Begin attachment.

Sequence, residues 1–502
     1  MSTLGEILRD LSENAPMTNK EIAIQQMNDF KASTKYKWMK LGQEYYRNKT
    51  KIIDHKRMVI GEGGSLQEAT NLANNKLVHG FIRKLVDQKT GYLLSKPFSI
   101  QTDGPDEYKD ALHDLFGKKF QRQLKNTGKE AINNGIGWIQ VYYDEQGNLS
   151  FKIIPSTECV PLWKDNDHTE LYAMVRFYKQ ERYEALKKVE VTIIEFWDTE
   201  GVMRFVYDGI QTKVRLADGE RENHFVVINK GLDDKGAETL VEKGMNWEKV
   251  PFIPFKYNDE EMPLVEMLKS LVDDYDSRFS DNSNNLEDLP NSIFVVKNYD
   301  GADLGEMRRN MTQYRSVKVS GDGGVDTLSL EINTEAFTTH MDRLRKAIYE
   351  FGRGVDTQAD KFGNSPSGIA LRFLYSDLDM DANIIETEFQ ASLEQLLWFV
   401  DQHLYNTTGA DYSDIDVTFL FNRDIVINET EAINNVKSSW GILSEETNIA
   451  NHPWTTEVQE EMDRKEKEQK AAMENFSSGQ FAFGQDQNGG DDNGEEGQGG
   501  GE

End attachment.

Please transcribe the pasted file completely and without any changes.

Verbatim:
Sequence, residues 1–502
     1  MSTLGEILRD LSENAPMTNK EIAIQQMNDF KASTKYKWMK LGQEYYRNKT
    51  KIIDHKRMVI GEGGSLQEAT NLANNKLVHG FIRKLVDQKT GYLLSKPFSI
   101  QTDGPDEYKD ALHDLFGKKF QRQLKNTGKE AINNGIGWIQ VYYDEQGNLS
   151  FKIIPSTECV PLWKDNDHTE LYAMVRFYKQ ERYEALKKVE VTIIEFWDTE
   201  GVMRFVYDGI QTKVRLADGE RENHFVVINK GLDDKGAETL VEKGMNWEKV
   251  PFIPFKYNDE EMPLVEMLKS LVDDYDSRFS DNSNNLEDLP NSIFVVKNYD
   301  GADLGEMRRN MTQYRSVKVS GDGGVDTLSL EINTEAFTTH MDRLRKAIYE
   351  FGRGVDTQAD KFGNSPSGIA LRFLYSDLDM DANIIETEFQ ASLEQLLWFV
   401  DQHLYNTTGA DYSDIDVTFL FNRDIVINET EAINNVKSSW GILSEETNIA
   451  NHPWTTEVQE EMDRKEKEQK AAMENFSSGQ FAFGQDQNGG DDNGEEGQGG
   501  GE